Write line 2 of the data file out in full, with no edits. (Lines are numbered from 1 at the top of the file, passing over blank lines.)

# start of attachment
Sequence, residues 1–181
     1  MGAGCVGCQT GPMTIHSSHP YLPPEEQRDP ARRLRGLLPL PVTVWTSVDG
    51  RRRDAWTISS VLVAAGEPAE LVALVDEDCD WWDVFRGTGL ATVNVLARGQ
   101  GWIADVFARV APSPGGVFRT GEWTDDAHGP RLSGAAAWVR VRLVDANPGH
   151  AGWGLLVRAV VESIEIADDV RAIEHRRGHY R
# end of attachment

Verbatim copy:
     1  MGAGCVGCQT GPMTIHSSHP YLPPEEQRDP ARRLRGLLPL PVTVWTSVDG